Three years and five singles later, Victoria Monet finally bridges the gap between the funky, disco-infused extended play JAGUAR (2020) with what she’s described as its predecessor’s ‘voluptuous big sister’ JAGUAR II.
Monet’s long-awaited debut album arrives off of the heels of the release of the 2000s-inspired track and music video for her final single “On My Mama” featuring a sample of the Southern classic “I Look Good” by Texas rapper Chalie Boy which has raised generations at this point.
The track itself was released on June 16, the video was filled with lowrider Cadillacs, extra-extra-large white tees, Girbaud jeans, even Atlanta’s—namely Dem Franchize Boyz— 2006 dance craze, the pool palace. With nostalgia and choreographer Sean Bankhead’s eight-counts to fond over, you can’t scroll on TikTok without hearing the Billboard charting song.
Simply, the praise of the video introduced a new sect of Victoria Monet fans, amassing 6.6 million views after its Aug. 15 release. 10 days later the album was released and I was awake promptly at 3 a.m. Eastern Standard Time to experience what I had been waiting on since I discovered the first extended play in the fall of 2020.
It simply got better by keeping the sultry atmosphere of the EP stepping through the door with her third collaborative effort with R&B vocalist Lucky Daye with their hazy collaboration titled ‘’Smoke’’ and a collaboration with reggae rapper Buju Banton on the party track rightfully titled “Party Girls.”
The journey this album takes you down displays the new richness of her voice which she credits to motherhood. She is also influenced by her producer-songwriter D’Mile, and songwriter Pirahnahead’s love for string and horn throughout this album.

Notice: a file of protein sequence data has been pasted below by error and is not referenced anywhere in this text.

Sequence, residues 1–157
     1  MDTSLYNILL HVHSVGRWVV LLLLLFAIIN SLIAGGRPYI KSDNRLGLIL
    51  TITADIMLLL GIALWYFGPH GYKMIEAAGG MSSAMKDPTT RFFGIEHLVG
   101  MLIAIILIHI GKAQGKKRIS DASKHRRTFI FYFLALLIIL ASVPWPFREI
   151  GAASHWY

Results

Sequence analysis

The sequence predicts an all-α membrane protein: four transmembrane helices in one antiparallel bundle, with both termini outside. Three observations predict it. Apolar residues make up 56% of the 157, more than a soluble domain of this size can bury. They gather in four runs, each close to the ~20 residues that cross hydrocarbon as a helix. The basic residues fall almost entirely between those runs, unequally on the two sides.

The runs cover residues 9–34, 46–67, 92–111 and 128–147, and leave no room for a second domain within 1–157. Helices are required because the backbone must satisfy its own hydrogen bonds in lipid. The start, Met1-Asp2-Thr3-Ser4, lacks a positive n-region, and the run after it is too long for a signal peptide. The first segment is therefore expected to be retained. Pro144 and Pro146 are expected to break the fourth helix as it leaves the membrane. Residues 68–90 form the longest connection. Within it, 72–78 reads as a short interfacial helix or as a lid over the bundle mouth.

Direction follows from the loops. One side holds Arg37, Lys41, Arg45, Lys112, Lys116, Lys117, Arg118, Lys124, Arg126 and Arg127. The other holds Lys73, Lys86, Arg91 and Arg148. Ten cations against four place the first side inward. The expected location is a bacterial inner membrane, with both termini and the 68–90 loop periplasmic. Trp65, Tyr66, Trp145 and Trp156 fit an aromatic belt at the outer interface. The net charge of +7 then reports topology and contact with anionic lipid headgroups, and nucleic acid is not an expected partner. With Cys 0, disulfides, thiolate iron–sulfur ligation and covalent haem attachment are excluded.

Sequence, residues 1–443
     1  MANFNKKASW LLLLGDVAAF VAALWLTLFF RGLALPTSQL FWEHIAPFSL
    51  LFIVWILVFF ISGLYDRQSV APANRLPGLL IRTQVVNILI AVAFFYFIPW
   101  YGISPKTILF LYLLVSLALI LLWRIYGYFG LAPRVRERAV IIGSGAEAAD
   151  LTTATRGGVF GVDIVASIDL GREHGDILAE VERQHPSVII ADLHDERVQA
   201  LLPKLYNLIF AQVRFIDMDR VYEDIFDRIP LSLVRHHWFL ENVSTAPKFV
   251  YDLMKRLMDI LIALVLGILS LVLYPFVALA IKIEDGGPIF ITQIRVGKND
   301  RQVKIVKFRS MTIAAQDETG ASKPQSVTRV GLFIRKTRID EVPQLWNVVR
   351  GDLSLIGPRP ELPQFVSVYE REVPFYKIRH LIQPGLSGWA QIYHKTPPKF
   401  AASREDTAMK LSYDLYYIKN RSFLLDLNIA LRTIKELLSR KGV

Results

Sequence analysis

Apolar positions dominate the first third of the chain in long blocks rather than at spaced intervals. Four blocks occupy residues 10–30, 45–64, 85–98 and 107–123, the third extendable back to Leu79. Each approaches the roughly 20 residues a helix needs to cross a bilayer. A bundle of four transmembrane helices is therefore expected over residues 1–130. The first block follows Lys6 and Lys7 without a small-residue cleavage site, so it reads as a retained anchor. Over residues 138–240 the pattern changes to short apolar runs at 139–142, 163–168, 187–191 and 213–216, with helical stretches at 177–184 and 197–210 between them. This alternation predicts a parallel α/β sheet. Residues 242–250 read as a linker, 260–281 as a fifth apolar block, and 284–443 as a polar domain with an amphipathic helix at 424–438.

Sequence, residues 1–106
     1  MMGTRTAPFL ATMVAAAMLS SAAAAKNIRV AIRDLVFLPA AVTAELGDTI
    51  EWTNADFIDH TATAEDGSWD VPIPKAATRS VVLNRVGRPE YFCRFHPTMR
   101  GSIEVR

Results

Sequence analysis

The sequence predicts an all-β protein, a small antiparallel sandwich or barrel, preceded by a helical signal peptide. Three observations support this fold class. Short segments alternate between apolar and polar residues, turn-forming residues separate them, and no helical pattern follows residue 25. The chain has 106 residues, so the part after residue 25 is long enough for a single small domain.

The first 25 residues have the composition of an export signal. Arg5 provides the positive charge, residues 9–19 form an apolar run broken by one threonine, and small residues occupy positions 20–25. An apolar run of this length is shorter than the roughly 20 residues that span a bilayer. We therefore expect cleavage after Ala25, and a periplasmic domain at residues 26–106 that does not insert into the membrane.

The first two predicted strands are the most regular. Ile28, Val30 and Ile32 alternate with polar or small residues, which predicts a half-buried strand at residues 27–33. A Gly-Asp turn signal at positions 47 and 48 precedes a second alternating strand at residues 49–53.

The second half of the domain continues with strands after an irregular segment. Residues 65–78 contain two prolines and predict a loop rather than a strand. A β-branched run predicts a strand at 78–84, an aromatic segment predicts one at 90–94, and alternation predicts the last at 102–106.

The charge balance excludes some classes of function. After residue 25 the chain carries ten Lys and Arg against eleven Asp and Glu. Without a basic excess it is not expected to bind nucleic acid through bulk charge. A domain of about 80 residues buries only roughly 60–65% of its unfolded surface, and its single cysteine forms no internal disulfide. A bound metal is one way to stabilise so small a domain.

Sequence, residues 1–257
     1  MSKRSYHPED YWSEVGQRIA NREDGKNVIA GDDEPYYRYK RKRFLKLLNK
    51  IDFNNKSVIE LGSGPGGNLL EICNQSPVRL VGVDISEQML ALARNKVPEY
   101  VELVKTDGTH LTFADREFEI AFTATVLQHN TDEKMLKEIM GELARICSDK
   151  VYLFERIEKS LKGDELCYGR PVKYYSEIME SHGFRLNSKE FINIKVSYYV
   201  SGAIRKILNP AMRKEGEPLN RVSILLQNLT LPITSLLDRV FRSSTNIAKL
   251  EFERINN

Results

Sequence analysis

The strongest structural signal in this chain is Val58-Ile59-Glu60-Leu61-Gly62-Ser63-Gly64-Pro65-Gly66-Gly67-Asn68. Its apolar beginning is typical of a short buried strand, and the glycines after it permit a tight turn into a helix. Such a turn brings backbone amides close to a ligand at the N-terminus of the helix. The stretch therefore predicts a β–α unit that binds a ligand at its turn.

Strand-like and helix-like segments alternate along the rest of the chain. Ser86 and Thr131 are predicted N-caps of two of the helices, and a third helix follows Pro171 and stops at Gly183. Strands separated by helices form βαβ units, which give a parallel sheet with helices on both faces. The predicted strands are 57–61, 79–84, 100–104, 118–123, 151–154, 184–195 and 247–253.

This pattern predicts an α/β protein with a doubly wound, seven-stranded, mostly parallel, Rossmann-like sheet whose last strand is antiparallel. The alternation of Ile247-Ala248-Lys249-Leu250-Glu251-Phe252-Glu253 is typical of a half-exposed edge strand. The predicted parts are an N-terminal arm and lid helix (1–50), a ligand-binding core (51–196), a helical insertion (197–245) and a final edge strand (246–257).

These were apparent in the sultry empowerment track “Cadillac (A Pimp’s Anthem),” which personally excited me seeing the release of the album’s track list before its Aug. 25 release. Cadillac is punctuated by a bass riff and a lilting flute reminiscent of JAGUAR’s track, “Dive.”
Throughout the track Monet affirms that the pimping ways close to Underground Kingz’ Pimp C can most certainly belong to a woman, even bragging that we are slicker in our ways than men.
She expressed the same sentiment in the Kaytranda-produced future club banger “Alright” except over a clap-laced, drowsy, EDM track about moving through life with romantic partners as she chooses to. Thanks to the freewill she’s allowed herself, life is just that, alright, not being bound by anyone’s expectations but her own.
While loving her freedom, she appreciates the love and connection she and her partner share in “How Does it Make You Feel” punctuated in the chorus with shimmering xylophones and Piranhahead’s violins. Then, she pleads her case that she’s the right person for her partner by an angel escort in the string-heavy track “I’m the One.”
Victoria Monet closes out the album with a beautifully written track titled “Good Bye”, written as a letter to the persona she’s curated. While I’m sad to see the Jaguar venture off somewhere else, this album has been in consistent rotation since its release, feeding a range of my emotions, from brazen sass to being completely smitten. R&B is a variety of lenses and a range of stories being told. This album shows the multiplicity of layers to the woman that is Victoria Monet.